• Alan WoodwardAlex LambertBasil James Whitehouse IIIBenjamin GehrelsBernardo Gomez PalacioBrian EhmannBrian RobertsBruce MitchenerC. Scott AndreasceetavCharles CareChris BirchallChris BurroughsChristopher SwensonCiamac MoallemiCliff MoonCollin VanDyckDag LioddenDale WijnandDan BrownDan EvertonDan RevelDavid SutherlandDiwaker GuptaDrew StephensEdwin ShinEric DaigneaultEvan JonesFrançois BeausoleilGerolf SeitzGreg BowyerJackson DavisJames CaseyJan-Helge BergesenJason A. BeranekJason SlagleJD MaturenJeff HodgesJesper BlomquistJesse EicharJohn EwartJohn WangJustin PlockKevin ClarkMahesh TiyyaguraMartin TraversoMatt AbramsMatt RyallMatthew GilliardMatthew O’ConnorMathijs VogelzangMårten GustafsonMichał MinickiNeil ProsserNick TelfordNiklas KonsteniusNorbert PotockiPablo FernandezPaul BlochPaul BrownPaul DoranPaul SandwaldRealbotRobby WalkerRyan KennedyRyan W TenneySam PermanSean LaurentShaneal ManekSteven SchlanskerStewart AllenThomas DudziakTobias LidskogYang YeWolfgang Schell

   Release Notes
   v3.0.1: Jul 23 2013
       • Fixed NPE in MetricRegistry#name.

       • ScheduledReporter and JmxReporter now implement Closeable.

       • Fixed cast exception for async requests in metrics-jetty9.

       • Added support for Access-Control-Allow-Origin to MetricsServlet.

       • Fixed numerical issue with Meter EWMA rates.

       • Deprecated AdminServletContextListener in favor of
         MetricsServlet.ContextListener and HealthCheckServlet.ContextListener.

       • Added additional constructors to HealthCheckServlet and MetricsServlet.

   v3.0.0: June 10 2013
       • Renamed DefaultWebappMetricsFilter to InstrumentedFilter.

       • Renamed MetricsContextListener to InstrumentedFilterContextListener and
         made it fully abstract to avoid confusion.

       • Renamed MetricsServletContextListener to AdminServletContextListener
         and made it fully abstract to avoid confusion.

       • Upgraded to Servlet API 3.1.

       • Upgraded to Jackson 2.2.2.

       • Upgraded to Jetty 8.1.11.

   v3.0.0-RC1: May 31 2013
       • Added SharedMetricRegistries, a singleton for sharing named metric

       • Fixed XML configuration for metrics-ehcache.

       • Fixed XML configuration for metrics-jersey.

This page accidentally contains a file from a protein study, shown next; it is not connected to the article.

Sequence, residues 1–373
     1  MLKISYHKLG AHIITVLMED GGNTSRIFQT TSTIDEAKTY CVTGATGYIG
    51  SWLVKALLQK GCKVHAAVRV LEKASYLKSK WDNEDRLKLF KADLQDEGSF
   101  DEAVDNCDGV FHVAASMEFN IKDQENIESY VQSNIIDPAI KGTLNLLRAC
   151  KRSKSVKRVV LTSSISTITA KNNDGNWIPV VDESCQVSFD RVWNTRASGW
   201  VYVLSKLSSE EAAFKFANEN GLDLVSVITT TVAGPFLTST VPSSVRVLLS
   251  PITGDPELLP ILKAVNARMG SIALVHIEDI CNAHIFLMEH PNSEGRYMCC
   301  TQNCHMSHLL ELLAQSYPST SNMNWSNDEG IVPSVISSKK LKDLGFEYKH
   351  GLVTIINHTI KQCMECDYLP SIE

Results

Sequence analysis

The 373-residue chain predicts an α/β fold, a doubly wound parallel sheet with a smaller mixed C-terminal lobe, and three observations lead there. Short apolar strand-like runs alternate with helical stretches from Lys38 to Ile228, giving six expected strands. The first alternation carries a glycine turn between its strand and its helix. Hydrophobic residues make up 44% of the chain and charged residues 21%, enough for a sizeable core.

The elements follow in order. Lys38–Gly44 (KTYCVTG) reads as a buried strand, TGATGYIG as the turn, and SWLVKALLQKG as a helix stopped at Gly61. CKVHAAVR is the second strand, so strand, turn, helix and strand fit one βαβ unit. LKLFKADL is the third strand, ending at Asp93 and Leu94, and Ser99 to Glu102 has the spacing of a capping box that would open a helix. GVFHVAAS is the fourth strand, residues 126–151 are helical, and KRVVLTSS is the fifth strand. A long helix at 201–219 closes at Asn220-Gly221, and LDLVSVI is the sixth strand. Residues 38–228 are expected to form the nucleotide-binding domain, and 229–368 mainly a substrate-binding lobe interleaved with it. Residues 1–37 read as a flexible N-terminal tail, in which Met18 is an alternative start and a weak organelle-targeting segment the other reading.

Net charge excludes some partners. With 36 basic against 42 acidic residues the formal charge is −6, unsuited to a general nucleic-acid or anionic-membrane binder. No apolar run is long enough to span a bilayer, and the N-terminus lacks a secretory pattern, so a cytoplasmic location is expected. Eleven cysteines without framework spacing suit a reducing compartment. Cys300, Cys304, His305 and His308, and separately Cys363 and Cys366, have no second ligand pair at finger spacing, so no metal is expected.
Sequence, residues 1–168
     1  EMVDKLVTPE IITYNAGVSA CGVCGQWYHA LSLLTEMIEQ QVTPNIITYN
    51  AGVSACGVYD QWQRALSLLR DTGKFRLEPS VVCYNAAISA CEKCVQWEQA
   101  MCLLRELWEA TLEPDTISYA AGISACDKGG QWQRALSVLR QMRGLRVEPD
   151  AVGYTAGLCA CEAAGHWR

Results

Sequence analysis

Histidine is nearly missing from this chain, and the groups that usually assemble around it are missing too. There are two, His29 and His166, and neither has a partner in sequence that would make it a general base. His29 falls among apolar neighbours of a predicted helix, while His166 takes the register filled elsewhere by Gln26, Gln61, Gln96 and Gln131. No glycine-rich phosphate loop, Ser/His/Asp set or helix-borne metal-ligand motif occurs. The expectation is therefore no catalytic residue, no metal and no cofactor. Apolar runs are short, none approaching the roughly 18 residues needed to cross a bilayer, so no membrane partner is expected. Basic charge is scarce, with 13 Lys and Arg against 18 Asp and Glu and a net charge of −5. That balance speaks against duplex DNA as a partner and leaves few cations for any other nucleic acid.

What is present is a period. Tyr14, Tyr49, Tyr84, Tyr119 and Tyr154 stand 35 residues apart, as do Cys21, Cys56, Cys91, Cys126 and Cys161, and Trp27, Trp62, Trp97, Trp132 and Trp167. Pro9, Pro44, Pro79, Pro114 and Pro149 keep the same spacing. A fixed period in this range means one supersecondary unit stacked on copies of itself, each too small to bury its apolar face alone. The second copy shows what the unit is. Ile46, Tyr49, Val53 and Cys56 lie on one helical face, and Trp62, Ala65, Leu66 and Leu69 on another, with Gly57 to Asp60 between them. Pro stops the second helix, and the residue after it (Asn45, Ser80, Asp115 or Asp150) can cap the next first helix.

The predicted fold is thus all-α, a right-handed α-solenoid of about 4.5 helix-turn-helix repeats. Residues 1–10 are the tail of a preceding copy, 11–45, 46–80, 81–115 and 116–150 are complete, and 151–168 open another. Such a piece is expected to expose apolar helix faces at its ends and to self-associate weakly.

• Fixed XML configuration for metrics-log4j.

       • Fixed XML configuration for metrics-logback.

       • Fixed a counting bug in metrics-jetty9’s InstrumentedHandler.

       • Added MetricsContextListener to metrics-servlet.

       • Added MetricsServletContextListener to metrics-servlets.

       • Extracted the Counting interface.

       • Reverted SlidingWindowReservoir to a synchronized implementation.

       • Added the implementation version to the JAR manifests.

       • Made dependencies for all modules conform to Maven Enforcer’s
         convergence rules.

       • Fixed Slf4jReporter’s logging of 99th percentiles.

       • Added optional name prefixing to GraphiteReporter.

       • Added metric-specific overrides of rate and duration units to

       • Documentation fixes.

   v3.0.0-BETA3: May 13 2013
       • Added ScheduledReporter#report() for manual reporting.

       • Fixed overly-grabby catches in HealthCheck and

       • Fixed phantom reads in SlidingWindowReservoir.

       • Revamped metrics-jetty9, removing InstrumentedConnector and improving
         the API.

       • Fixed OSGi imports for sun.misc.

       • Added a strategy class for HttpClient metrics.

       • Upgraded to Jetty 9.0.3.

       • Upgraded to Jackson 2.2.1.

       • Upgraded to Ehcache 2.6.6.

       • Upgraded to Logback 1.0.13.

       • Upgraded to HttpClient 4.2.5.

       • Upgraded to gmetric4j 1.0.3, which allows for host spoofing.

   v3.0.0-BETA2: Apr 22 2013
       • Metrics is now under the com.codahale.metrics package, with the
         corresponding changes in Maven artifact groups. This should allow for
         an easier upgrade path without classpath conflicts.

       • MetricRegistry no longer has a name.

       • Added metrics-jetty9 for Jetty 9.

       • JmxReporter takes an optional domain property to disambiguate multiple

       • Fixed Java 6 compatibility problem. (Also added Java 6 as a CI

       • Added MetricRegistryListener.Base.

       • Switched Counter, Meter, and EWMA to use JSR133’s LongAdder instead of
         AtomicLong, improving contended concurrency.

       • Added MetricRegistry#buildMap(), allowing for custom map
         implementations in MetricRegistry.

       • Added MetricRegistry#removeMatching(MetricFilter).

       • Changed metrics-json to optionally depend on metrics-healthcheck.

       • Upgraded to Jetty 8.1.10 for metrics-jetty8.

   v3.0.0-BETA1: Apr 01 2013